About Amur Tiger
Amur tigers love the cold! They have adapted to tolerate temperatures that fall far below zero. They are also excellent athletes and can leap up to 33 feet. Sadly, Amur tigers are critically endangered — there are fewer than 500 left in the wild.
The Henry Vilas Zoo has joined forces with the Tiger Conservation Campaign to raise funds and awareness to help save wild tigers from extinction. Learn more about the project here.
They live in the far east region of Russia in the boreal forest (taiga), and in northern evergreen forests where there are bogs, marshes, and shallow wetlands.
Amur tigers have a carnivorous, meat-eating diet, consisting mostly of large animals such as elk, deer, and pigs. One tiger will eat 20 – 60 pounds (9 – 27 kg) of meat in one meal.
After 3 – 3.5 months, a female will give birth to 2 – 6 cubs (the average is 2 – 3 cubs). The female cares for the cubs by herself. After three months, the cubs begin to accompany their mother on hunts. At 18 months old, the cubs are capable of hunting for themselves, though they don’t leave their mother until they’re 2 – 3 years old.
Conservation StatusThe conservation status of the Amur Tiger's conservation status is classified as endangered.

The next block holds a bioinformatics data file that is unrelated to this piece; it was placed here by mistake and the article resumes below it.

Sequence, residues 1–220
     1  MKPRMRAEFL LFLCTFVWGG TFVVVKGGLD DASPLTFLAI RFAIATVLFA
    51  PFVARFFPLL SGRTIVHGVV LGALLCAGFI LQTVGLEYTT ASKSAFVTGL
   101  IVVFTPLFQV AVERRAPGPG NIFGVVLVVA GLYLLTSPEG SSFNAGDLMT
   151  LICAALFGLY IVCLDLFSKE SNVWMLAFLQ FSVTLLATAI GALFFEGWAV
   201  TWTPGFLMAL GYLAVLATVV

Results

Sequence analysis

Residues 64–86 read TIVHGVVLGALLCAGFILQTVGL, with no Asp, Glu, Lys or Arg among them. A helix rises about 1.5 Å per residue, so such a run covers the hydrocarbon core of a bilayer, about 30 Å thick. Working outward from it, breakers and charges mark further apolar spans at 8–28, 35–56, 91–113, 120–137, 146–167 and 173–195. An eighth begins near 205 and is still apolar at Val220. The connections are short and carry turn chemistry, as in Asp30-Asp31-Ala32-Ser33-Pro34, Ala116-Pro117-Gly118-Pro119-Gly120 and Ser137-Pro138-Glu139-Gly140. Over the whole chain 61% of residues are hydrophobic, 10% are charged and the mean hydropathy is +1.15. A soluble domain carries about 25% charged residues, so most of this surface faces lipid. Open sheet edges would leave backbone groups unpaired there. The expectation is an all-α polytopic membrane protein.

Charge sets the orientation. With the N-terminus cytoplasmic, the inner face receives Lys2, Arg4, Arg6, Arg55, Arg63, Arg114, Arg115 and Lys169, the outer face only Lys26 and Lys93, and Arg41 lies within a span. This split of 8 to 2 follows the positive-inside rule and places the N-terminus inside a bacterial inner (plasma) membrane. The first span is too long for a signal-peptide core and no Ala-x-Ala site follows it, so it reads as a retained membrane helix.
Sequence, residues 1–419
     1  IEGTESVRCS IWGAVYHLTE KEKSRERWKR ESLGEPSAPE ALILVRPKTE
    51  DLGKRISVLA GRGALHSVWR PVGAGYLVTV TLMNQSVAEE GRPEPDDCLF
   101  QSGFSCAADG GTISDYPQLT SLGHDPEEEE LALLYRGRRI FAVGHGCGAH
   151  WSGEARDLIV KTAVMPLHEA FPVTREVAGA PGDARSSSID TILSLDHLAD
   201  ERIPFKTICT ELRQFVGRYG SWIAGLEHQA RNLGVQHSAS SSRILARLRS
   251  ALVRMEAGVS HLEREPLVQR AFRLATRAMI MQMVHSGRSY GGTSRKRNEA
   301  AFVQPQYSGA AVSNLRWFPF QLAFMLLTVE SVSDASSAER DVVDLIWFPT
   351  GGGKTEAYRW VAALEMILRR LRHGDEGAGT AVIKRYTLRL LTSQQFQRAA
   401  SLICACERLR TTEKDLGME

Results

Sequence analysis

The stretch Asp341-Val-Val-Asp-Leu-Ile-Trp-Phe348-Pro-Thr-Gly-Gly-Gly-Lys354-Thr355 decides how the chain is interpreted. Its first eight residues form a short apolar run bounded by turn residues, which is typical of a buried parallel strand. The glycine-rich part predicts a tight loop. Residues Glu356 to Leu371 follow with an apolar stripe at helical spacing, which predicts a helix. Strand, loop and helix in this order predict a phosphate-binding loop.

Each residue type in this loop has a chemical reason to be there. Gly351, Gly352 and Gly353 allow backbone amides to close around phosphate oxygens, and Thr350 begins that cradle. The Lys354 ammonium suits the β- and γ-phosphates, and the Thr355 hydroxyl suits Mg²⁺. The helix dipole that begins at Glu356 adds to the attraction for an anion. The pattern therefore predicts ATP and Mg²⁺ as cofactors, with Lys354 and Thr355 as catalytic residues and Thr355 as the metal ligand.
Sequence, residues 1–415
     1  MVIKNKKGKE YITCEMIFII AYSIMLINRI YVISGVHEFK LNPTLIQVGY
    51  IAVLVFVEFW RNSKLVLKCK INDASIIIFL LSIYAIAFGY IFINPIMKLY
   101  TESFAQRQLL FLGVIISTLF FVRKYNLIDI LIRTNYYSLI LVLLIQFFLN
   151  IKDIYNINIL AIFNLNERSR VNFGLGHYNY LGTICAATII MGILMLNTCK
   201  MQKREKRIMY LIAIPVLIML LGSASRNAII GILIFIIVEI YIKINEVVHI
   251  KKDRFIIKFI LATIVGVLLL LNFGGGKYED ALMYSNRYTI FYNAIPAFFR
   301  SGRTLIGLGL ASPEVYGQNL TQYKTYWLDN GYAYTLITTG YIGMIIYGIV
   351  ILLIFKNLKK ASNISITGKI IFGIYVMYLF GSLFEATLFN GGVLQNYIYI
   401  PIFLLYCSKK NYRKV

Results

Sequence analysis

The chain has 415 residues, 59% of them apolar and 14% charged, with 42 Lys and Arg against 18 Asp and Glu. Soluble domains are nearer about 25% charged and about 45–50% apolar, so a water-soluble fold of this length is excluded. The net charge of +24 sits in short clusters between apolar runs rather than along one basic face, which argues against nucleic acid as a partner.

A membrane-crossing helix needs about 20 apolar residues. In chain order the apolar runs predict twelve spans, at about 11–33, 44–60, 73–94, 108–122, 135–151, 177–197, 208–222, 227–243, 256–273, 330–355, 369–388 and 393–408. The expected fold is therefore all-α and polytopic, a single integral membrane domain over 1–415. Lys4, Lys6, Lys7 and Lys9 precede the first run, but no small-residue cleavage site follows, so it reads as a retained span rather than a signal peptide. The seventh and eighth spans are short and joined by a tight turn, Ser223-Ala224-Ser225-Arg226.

- Habitat loss due to logging, agriculture, urban (city) expansion, and road construction.
- Poaching for the illegal wildlife trade. There is a high demand for tiger parts on the black market for uses in traditional Chinese medicines.
- Low genetic diversity.
Facts about Amur Tiger
Genus:Panthera (big cats)
Species:Panthera tigris (tiger)
Life Span:16 – 18 years (wild) / 25 years (zoo)
Size:10 feet (3 m)
Weight:Male: 700 pounds (317.5 kg) / female: 400 pounds (181 kg)
Tail Length:3 feet (0.9 m)
- Amur tigers are also called Siberian tigers and they are the world’s largest cats.
- They mark their territory by rubbing against trees, leaving hairs behind and spraying urine on trees and rocks.
- When chasing prey, they can run at speeds up to 45 mph (20 meters/second) for short distances.